YASSINE SOUSSI: I am Tunisian, I was born in Tunisia, and when I left Carthage, it’s a business university in Tunisia, I went into the SME field at the beginning, [indistinct] sector, I started out in commercial but then I moved to finance and treasury. After that experience, I changed careers to be in more other big structures and in 2004 I wanted to move out to a multi-national organisation, especially in telecom market because in 2004 the teleco market was like a start-up. All people asked what’s this new business. So in 2004 I joined a telecom market with Ooredoo Tunisia, and immediately I was involved in several challenging projects, such as ERP implementation, building of business plan in the organisation, set up processes of business cases, planning, budget control, internal and shareholder expectation and reporting [indistinct]. Now after 16 years at Ooredoo Tunisia I hold the position of Senior Director of Finance Controlling. In this position, I have had many achievements in the last five years, such as with the redesign of key business processes, including business planning, project management and pricing proposals. Also, some other projects like [indistinct] implementation or Cognos reporting tools. Some new investment value basis thinking approach and also the implementation of a cost accounting system. I also manage revenue assurance and…transformation, a very strong contribution of a revenue assurance team in Ooredoo Tunisia and the analysis of customer behaviour…sometimes Ooredoo Tunisia marketing approach and distribution channels.
CIARAN RYAN: Just on that point, you’ve obviously implemented a lot of tightening of controls there. You’ve talked about cost management, revenue assurance and these are things that have become extremely necessary in businesses now at this time. When you’re looking into the future, into 2021, do you see the impact of this Covid thing lasting a lot longer, what are your projections telling you?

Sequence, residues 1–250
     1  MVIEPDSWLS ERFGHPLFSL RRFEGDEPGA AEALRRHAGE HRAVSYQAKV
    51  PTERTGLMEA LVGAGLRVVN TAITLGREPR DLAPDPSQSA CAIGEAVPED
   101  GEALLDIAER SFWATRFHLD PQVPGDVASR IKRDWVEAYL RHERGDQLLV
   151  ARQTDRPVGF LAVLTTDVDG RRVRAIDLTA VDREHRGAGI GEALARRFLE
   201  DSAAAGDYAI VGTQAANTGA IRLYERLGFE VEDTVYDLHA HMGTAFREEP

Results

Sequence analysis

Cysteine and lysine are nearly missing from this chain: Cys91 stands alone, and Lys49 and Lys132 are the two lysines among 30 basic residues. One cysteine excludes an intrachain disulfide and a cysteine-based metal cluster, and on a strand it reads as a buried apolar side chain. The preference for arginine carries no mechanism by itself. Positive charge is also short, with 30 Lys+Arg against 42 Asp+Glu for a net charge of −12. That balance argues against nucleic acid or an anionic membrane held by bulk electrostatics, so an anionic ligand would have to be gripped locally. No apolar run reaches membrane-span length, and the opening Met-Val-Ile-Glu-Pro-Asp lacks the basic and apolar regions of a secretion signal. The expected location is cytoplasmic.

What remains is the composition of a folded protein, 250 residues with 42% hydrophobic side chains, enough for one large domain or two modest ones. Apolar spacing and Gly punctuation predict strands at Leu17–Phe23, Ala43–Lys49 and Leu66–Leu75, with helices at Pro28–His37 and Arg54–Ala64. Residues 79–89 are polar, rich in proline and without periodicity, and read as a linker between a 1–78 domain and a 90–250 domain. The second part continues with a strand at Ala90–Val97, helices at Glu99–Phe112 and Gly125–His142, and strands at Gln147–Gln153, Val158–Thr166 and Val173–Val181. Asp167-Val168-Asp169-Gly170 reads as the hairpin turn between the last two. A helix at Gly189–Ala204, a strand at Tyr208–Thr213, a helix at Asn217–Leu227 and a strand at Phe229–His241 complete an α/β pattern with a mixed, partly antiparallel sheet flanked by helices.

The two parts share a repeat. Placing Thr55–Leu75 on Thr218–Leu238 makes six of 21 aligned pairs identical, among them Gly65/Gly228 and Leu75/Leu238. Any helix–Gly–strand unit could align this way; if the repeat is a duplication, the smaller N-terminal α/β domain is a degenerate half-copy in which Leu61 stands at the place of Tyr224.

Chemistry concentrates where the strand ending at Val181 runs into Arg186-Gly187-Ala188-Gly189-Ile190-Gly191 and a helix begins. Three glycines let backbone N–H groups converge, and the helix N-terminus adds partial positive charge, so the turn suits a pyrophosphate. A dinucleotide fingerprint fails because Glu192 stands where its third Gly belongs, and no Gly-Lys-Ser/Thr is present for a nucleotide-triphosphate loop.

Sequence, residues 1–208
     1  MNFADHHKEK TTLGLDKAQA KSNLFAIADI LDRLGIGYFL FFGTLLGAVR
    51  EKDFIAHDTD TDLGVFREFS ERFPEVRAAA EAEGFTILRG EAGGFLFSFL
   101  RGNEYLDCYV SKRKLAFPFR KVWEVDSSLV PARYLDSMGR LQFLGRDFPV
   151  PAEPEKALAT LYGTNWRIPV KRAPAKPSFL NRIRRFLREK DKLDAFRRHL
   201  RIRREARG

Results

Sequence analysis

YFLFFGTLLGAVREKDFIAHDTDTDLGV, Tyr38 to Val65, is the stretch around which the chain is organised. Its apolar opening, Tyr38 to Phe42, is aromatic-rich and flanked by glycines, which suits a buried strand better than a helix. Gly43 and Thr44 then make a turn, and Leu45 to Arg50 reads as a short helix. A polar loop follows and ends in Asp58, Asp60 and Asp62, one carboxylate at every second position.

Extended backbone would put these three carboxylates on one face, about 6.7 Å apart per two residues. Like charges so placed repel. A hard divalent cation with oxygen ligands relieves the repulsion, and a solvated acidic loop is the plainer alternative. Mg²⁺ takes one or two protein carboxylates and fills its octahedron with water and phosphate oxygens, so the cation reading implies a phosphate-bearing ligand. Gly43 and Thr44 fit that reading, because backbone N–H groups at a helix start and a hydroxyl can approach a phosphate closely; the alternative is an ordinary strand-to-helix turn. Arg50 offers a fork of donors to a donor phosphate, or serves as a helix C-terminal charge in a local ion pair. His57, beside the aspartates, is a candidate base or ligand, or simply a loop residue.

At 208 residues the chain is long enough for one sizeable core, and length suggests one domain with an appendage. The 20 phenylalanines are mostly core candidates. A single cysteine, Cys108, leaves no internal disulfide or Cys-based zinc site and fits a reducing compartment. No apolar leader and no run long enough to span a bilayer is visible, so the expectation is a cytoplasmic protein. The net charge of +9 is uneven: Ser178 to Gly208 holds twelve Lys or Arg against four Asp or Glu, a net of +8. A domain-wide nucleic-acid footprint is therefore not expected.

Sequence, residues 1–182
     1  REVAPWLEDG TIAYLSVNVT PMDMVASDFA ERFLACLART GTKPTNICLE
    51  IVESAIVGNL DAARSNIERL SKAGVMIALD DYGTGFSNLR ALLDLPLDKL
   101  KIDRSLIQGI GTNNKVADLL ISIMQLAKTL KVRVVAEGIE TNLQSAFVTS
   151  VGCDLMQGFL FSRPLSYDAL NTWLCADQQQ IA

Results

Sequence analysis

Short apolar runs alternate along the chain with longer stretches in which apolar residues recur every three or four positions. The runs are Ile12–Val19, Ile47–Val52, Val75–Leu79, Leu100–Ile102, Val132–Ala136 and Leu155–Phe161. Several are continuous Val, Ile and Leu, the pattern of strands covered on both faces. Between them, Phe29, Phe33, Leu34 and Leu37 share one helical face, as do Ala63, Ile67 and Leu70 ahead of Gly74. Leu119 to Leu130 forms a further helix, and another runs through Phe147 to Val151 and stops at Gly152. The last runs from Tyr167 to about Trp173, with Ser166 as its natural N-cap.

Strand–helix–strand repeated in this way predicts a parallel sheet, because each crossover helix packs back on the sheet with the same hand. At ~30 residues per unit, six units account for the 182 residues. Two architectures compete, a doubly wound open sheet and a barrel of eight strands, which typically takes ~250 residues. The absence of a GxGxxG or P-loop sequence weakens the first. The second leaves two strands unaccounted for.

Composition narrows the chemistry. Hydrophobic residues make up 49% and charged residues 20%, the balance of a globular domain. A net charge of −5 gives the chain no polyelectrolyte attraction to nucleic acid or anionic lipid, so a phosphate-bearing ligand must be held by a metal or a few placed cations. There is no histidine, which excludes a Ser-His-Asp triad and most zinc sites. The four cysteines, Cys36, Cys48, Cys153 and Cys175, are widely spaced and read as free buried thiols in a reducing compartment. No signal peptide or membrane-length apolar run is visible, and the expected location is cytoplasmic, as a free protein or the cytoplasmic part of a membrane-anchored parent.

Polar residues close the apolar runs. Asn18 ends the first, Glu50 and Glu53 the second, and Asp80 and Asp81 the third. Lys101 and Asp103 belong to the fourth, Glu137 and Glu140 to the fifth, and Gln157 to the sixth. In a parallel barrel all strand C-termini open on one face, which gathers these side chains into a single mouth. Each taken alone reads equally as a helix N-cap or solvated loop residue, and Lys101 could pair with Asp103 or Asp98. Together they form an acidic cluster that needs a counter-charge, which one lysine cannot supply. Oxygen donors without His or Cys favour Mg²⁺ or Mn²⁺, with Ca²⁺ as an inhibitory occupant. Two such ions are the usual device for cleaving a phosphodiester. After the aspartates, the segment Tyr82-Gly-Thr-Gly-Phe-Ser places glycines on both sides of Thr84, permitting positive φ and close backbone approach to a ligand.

YASSINE SOUSSI: With this period of Covid we have improved our strict control of OPEX and CapEx implementation in order to deliver shareholders’ expectations. As you know, all structures in organisations are under pressure. The second thing is how to streamline processes, especially the purchase-to-pay process, and the third point is to be proactive in the business partner role and a stronger involvement of controlling and covering business planning, decision-maker support, this is very, very important, by putting in place some pricing committee, a marketing and sales committee, and the risk committee is very, very important to set up, and to optimise the pressure because when we are under pressure we need to optimise CapEx and OPEX, and just to understand when we can eliminate in processes and the costs.
‘The lockdown and the resulting economic downturn has caused all companies to relook at their cost structure’
CIARAN RYAN: Nicolaas, maybe you can just give us a comment on that from a South African perspective. What Yassine has been talking about is really the fundamentals of financial management, is good cost controls, looking very deep into your data, see where your profit centres are. Are we seeing this kind of trend happening in South Africa, has there been a change, do you think, in the way that finance executives are looking at their businesses?